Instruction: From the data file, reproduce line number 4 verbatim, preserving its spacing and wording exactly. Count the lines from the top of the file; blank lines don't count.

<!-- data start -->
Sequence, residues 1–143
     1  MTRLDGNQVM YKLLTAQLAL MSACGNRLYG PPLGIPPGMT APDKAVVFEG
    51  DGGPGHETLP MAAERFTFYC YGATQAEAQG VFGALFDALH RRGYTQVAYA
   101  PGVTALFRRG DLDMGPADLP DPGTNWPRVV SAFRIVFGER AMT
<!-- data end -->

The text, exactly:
   101  PGVTALFRRG DLDMGPADLP DPGTNWPRVV SAFRIVFGER AMT